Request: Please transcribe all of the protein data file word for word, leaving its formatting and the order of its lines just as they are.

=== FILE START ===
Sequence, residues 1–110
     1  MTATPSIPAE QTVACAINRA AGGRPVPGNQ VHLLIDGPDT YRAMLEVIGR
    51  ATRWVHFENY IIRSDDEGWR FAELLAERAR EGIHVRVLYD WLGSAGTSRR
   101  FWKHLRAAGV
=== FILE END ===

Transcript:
Sequence, residues 1–110
     1  MTATPSIPAE QTVACAINRA AGGRPVPGNQ VHLLIDGPDT YRAMLEVIGR
    51  ATRWVHFENY IIRSDDEGWR FAELLAERAR EGIHVRVLYD WLGSAGTSRR
   101  FWKHLRAAGV